On September 10, a 32-year-old man went to his estranged wife’s Sunday cookout, reportedly the first social event she’d organized since filing for divorce. He shot her and seven other adults to death before he was killed by police. That tragedy was tied for second-deadliest mass shooting of the year with another killing spree on May 27 in Brookhaven, Mississippi, in which a 35-year-old man, also angry at his “estranged” wife, allegedly killed five of her relatives, as well as a sheriff’s deputy and two children. He told the local media on-camera that he was hoping police would kill him.Surprisingly, these two incidents, with 16 victims between them, were not the most infamous domestic violence murders to make national news in the past six months. Several other intimate partner killings received more widespread attention, likely because of their unusual nature. In July, a man stabbed his wife to death aboard a cruise ship, reportedly later telling a witness, “She would not stop laughing at me.” (The statement calls to mind the famous quote attributed to Margaret Atwood about domestic violence: “Men are afraid that women will laugh at them. Women are afraid that men will kill them.”) Six months earlier, in April 10, a 53-year-old man walked into a San Bernardino, California, elementary-school classroom and shot to death his wife, who was a special-ed teacher there, and her 8-year-old student, before turning the gun on himself. Six days later, a 37-year-old man named Steve Stephens, apparently distraught over difficulties with his “estranged” girlfriend, shot a random older man to death on the streets of Cleveland, live-streaming it on Facebook. Before killing him, Stephens made the victim say his ex’s name.
In this complex environment, western military units have to have significant autonomy in order to respond rapidly to local threats and conditions.Reuters has reported that the US special forces soldiers abandoned, or at least extended, their more limited mission in Tongo Tongo when they learned of a raid nearby, deciding to engage the attackers themselves.Former western special forces officers with firsthand knowledge of current operations in the Sahel said this account was “plausible”.“Since [President] Trump took power, US forces deployed around the world have had a lot more room to manoeuvre. Decisions about when and what to engage have been devolved right down to unit level,” the former officer said. “Any soldier knows that if you give guys on the ground more independence, then they will be that much more aggressive and will take more risks.”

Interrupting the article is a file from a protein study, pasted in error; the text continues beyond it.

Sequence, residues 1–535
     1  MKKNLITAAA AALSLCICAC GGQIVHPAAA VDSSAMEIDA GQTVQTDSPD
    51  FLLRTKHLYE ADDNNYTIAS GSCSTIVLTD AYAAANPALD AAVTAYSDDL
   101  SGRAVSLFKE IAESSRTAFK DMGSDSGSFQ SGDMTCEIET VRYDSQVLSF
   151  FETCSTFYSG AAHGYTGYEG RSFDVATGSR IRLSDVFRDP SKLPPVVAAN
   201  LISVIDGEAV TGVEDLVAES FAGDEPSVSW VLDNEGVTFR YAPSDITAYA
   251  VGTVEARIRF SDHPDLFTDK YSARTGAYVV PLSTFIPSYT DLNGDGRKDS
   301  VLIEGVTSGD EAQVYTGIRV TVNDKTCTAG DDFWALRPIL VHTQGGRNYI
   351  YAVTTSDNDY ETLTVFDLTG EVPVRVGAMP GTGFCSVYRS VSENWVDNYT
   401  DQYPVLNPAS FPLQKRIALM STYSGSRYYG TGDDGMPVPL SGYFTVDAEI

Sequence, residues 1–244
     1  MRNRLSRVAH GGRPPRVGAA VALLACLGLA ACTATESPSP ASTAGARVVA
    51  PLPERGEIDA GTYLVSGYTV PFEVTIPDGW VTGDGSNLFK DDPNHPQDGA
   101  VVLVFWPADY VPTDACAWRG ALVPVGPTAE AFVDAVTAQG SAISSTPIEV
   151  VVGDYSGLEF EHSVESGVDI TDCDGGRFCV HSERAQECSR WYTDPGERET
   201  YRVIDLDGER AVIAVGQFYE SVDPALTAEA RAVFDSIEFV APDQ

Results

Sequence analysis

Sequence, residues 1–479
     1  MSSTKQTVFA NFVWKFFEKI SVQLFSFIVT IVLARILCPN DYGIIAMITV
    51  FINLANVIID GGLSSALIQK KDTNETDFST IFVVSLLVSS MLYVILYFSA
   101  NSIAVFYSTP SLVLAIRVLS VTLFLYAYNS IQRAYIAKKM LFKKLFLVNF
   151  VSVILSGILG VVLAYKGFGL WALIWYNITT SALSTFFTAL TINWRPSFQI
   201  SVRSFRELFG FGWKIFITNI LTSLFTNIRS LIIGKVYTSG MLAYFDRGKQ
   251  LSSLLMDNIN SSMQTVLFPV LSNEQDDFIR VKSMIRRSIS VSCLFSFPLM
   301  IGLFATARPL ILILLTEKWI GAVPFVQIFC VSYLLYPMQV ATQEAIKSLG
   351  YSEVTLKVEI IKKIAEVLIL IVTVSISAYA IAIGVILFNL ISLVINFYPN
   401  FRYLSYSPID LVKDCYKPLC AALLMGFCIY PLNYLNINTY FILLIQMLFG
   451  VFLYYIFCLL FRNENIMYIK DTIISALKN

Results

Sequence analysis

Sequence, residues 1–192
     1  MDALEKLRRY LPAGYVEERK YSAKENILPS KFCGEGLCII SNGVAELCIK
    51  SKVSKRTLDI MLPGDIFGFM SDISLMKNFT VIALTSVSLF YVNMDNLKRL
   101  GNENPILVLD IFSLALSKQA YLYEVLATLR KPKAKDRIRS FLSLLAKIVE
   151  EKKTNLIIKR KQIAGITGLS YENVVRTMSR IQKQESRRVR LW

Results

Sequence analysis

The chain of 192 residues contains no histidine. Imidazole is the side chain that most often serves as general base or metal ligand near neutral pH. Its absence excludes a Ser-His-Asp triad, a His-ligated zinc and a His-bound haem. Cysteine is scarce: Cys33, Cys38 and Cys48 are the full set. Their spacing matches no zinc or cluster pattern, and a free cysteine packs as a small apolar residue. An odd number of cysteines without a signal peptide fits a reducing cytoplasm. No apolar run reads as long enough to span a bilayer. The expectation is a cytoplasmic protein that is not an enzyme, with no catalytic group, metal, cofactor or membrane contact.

Police face no charges amid accusations of racial profiling and ‘brutal execution’ in case of Patrick Harmon, 50, who was pulled over for cycling without a light
Unfortunately, while of varying magnitude, mass shootings are somewhat regular in the United States.
Opening the General Assembly session, Secretary General António Guterres gravely warned about nuclear peril and climate change, and offered pointed reminders about “stronger international cooperation.”“Trust within and among countries is being driven down by those who demonize and divide,” he said in a speech that included English, French and Spanish.President Trump could not be seen in the hall.
Ms Luongo added that Richards seemed to pose no immediate threat to the officers.”Moreover, these officers demonstrate zero knowledge in identifying and handling a situation involving an individual who may be struggling with mental illness,” she said.
The German Justice Ministry has confirmed that investigators found a folder containing the names, addresses and photos of “representatives of the left-wing political spectrum” which had been kept “for criminal purposes” duringlast week’s raids against suspected far-right terrorists in the northern state of Mecklenburg-Western Pomerania.In an answer to an official information request filed by the socialist Left party, the Justice Ministry said an investigation for “preparation of a serious act of violence against the state” had been opened against two men on August 15. The investigation is understood to be a corollary of the case against Bundeswehr soldier Franco A., who had allegedly been planning to carry out a terrorist attack while posing as a Syrian refugee.